Worried about the future of your special needs child? Plan ahead

Having a child with special needs likely brought many changes to your life. At first, you probably had concerns and worries about what it would be like to raise a child with learning and ability differences, but over the years, you saw how capable and happy your child was. While your worry — like the worry of most parents — probably never went entirely away, you knew that your child could live a full life.

Of course, you also knew that he or she would need some level of assistance to live that full life. While you and your spouse have certainly provided that assistance with loving hearts, as you get older, your worries have started to focus on what will happen to your child after your passing.

Planning can help

Luckily, parents of special needs children do not have to venture into the unknown and only hope that their children will make it. Numerous estate planning options could allow you and other parents to come up with a plan that could set your children up for success in the future.

First, you may want to look at any benefits your child receives. For example, he or she may receive Social Security payments and Medicaid that help with medical expenses and other costs. If so, you know that he or she will continue to have some income after your passing. However, you could go further and take out a life insurance policy that could provide additional income for your child’s needs. Financial matters will certainly play a big part in planning for the future.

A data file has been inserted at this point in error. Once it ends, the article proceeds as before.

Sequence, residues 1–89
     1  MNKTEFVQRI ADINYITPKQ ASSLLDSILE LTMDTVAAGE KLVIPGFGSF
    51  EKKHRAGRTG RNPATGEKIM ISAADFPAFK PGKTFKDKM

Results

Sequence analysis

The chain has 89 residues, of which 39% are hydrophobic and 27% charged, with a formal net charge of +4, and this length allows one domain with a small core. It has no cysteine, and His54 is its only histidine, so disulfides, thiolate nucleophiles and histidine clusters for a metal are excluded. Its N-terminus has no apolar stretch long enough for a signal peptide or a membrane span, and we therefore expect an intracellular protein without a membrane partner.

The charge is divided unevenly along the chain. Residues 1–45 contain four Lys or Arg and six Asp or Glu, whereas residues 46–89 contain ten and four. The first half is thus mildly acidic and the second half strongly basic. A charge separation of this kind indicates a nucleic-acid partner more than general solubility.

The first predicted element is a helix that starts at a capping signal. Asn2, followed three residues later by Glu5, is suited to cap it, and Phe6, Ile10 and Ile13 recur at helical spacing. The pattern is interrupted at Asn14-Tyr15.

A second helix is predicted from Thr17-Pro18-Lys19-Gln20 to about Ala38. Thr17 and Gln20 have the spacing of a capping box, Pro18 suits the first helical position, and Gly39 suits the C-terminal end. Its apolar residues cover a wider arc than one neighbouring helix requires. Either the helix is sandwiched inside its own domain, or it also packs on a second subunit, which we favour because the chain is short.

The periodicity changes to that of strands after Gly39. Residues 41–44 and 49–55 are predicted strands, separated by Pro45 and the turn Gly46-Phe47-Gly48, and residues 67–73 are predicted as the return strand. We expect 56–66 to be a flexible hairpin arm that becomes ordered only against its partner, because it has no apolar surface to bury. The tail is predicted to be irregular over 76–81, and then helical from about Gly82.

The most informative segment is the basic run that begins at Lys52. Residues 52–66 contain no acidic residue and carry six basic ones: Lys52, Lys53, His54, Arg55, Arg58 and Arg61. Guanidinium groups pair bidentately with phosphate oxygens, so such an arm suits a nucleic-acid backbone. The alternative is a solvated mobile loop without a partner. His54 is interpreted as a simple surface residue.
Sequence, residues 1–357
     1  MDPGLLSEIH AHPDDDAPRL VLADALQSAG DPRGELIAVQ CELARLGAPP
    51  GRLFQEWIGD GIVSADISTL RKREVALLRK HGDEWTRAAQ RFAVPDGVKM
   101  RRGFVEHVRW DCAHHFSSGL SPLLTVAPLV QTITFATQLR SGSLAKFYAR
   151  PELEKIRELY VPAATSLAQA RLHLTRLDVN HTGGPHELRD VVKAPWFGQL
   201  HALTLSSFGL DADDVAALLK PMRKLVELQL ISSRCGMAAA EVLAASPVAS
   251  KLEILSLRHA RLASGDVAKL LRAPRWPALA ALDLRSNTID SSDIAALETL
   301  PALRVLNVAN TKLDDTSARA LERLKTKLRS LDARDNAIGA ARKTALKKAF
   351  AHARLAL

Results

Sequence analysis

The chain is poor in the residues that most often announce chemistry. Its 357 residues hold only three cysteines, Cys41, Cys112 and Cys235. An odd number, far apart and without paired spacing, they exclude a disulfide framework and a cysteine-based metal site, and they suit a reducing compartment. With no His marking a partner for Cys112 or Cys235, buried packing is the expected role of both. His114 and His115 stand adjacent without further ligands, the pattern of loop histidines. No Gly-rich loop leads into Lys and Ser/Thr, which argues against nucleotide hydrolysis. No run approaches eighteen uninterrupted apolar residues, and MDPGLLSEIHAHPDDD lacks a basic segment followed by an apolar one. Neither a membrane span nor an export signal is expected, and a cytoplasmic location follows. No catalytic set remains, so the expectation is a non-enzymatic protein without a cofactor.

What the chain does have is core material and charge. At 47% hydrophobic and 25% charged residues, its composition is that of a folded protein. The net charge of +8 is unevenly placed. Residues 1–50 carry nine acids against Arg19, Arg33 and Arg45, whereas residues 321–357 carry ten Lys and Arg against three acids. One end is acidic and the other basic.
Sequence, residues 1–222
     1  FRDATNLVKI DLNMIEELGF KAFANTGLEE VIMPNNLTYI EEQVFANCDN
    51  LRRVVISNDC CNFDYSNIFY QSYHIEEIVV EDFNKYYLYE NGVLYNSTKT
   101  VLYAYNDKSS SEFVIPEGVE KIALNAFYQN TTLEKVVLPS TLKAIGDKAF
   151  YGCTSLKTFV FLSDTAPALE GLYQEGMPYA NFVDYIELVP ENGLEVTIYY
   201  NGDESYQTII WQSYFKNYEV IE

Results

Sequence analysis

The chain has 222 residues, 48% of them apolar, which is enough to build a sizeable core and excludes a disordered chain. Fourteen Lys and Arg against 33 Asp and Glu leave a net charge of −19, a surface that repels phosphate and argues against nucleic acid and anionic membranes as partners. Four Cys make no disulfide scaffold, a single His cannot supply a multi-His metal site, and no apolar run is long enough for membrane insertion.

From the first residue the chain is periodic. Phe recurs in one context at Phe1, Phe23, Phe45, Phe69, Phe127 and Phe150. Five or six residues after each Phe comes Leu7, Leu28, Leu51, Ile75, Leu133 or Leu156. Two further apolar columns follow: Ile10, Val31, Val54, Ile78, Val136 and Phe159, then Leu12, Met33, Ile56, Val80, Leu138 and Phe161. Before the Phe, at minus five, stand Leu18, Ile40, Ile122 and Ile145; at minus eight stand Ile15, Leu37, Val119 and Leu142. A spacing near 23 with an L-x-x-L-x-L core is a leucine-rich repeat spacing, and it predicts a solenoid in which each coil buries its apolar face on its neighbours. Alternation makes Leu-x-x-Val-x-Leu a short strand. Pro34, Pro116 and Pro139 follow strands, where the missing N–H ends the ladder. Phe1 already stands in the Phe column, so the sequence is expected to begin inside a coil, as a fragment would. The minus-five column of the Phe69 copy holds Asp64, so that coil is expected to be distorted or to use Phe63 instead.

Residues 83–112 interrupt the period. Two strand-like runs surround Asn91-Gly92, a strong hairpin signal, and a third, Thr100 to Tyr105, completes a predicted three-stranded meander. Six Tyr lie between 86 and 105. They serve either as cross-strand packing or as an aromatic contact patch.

Avoid costly mistakes

If you do take out an insurance policy or have other funds that you wish to leave to your child, it is important that you do not inadvertently put his or her government benefits in jeopardy. Because these benefits hinge on income and financial status, if your child receives a hefty inheritance after your passing, that inheritance could disqualify him or her for needed benefits.

Fortunately, you can create a special needs or supplemental needs trust that could hold the funds for your child. Your child would not have direct ownership of the funds, and as a result, the inheritance would not count toward his or her qualifying income for benefits.

Have the right help

Your family’s and your child’s current and future needs are unique, and you may have many questions about how you could best protect your child’s interests after your passing. If so, you may want to contact an experienced Georgia attorney who could assess your concerns, help you determine the best planning options for your situation and assist you in putting your plans into effect.